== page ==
So for years, I artfully parried every attempt by Mrs D to get me onto the hard wooden bench, where I would be fondled by a gorgeous, nubile, lathered mistress of tactility. When holidaying by the coast in Australia, I always seemed to be able to convince Mrs Donkey that the only time available for the massage at the day spa happened to coincide with the turning of the tide, and it was imperative that I went out fishing.

In Thailand, I made sure that our four days at the resort were jam-packed with activities, thereby making it impossible to fit the dreaded massage in. In Bangkok, I artfully deflected the proposition of massage by suggesting we go shopping (genius, pure genius!). In the Solomons, I managed to weave a wicked story about a foreigner who’d been driven mad by evil spirits after receiving massage from a traditional healer, and in Beijing, I timed our trip to coincide with a significant number of public holidays, so none of the massage “dens” were open.

Years and years had gone by, and still I had managed to maintain my dignity, and save our marriage, by avoiding the massage bench, but despite the bubble of smug, self-congratulations at my shrewdness, I could tell Mrs Donkey was onto me. She started to make noises to the effect that the next place we visit which has massage on offer, we’re getting one. I realised that there may be no avoiding it this time; Mrs Donkey was keen for some three-way, horizontal action, and I was going to have to either remain cold and limp by sheer force of will, or kiss goodbye to our trusting, harmonious felicity.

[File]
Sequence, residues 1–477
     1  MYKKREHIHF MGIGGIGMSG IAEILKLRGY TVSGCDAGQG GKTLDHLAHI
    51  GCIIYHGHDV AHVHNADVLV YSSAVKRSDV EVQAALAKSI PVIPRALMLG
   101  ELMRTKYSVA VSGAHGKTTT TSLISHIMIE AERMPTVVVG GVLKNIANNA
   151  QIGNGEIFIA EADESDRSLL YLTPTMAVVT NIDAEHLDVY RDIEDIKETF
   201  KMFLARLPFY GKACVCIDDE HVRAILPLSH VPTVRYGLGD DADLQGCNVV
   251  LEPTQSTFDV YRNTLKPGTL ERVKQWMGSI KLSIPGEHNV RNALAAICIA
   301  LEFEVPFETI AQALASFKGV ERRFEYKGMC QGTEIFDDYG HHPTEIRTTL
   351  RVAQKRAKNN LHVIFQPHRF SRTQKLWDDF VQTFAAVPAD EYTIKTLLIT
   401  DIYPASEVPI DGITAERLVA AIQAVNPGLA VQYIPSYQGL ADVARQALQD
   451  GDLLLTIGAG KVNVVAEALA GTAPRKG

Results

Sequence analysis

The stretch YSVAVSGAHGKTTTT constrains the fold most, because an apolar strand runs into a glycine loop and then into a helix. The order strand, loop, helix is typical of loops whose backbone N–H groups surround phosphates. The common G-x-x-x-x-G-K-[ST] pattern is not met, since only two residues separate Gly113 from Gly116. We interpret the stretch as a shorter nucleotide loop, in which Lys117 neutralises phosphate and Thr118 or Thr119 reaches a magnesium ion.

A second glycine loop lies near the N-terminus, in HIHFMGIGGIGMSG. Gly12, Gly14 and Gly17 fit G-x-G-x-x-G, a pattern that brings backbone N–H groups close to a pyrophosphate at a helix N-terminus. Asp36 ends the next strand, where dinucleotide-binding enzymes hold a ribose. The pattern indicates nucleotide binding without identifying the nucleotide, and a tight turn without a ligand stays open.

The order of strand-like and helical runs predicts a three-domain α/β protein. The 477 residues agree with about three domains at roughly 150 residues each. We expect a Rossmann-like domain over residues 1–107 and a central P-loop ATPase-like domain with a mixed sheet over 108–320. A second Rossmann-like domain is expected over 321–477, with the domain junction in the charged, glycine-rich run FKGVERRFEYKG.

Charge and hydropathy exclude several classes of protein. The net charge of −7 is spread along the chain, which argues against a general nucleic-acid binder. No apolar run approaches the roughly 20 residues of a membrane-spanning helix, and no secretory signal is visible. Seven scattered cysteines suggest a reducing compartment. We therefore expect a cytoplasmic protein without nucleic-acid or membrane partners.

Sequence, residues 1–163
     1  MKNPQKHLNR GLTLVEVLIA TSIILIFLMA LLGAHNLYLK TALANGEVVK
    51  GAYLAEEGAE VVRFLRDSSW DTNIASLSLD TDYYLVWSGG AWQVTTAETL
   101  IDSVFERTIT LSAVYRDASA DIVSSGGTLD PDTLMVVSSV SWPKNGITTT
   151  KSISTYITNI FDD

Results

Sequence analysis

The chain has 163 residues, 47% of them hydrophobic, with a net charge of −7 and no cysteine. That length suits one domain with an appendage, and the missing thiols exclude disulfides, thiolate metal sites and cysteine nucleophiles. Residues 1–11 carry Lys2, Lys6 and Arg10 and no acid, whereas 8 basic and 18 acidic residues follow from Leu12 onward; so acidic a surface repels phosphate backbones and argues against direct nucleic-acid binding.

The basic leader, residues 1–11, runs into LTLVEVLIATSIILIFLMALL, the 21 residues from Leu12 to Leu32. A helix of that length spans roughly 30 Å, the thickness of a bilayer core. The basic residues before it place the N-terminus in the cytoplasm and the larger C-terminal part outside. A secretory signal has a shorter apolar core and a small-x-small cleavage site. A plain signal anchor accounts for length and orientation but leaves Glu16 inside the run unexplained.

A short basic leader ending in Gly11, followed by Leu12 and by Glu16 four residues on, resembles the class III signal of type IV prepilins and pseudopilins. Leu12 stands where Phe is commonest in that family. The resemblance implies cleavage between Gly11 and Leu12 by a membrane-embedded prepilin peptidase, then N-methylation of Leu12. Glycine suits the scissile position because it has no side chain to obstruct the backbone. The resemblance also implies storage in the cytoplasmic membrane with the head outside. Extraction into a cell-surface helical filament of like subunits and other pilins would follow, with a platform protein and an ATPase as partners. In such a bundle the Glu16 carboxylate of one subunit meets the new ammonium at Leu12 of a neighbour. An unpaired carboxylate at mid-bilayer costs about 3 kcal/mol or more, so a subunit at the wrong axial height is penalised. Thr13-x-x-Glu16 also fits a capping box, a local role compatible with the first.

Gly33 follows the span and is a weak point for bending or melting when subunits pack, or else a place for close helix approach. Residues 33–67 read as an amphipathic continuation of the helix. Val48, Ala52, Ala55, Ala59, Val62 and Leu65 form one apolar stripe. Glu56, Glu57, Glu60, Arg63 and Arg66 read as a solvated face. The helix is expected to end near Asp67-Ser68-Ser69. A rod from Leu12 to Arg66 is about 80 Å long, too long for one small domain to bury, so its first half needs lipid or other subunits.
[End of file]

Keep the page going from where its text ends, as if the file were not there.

Mrs Donkey and I recently holidayed in the gorgeous southern Indian state of Kerala. Kerala is absolutely amazing, and after a year and a half in the barren north of that vast country, the lush, tropical gardens, friendly faces, flawless hospitality, azure beaches, wonderful food and blood-red sunsets made Kerala seem like the Garden of Eden – if there was a paradise on Earth, this was most certainly it!

Unfortunately, what I was not aware of until we arrived, and what Mrs Donkey was certainly privy to when she booked the tickets, is that Kerala is the home of Ayurvedic medicine, a large component of which being massage, and it was offered absolutely everywhere.

The Lonely Planet guidebook describes Ayurveda (knowledge of life) as being a spiritual and medical practice based on the concept of restoring imbalances in one’s general well-being. The massage component of this is like the “jump-start” to health, and combined with a special diet and exercise, one can achieve a daily state of health and relaxation. This sounded right up Mrs Donkey’s alley, so she began harping-on about booking in for a “service”.

I did my best to parry, “Not here, though, it looks a bit touristy. We need to go somewhere ‘credible’ if we’re going to do it properly”, but my efforts were a bit half-hearted, and while Mrs D was having a sleep one afternoon, I resigned myself to fate, and went looking for the Ayurvedic Institute that I’d seen sign-posted earlier.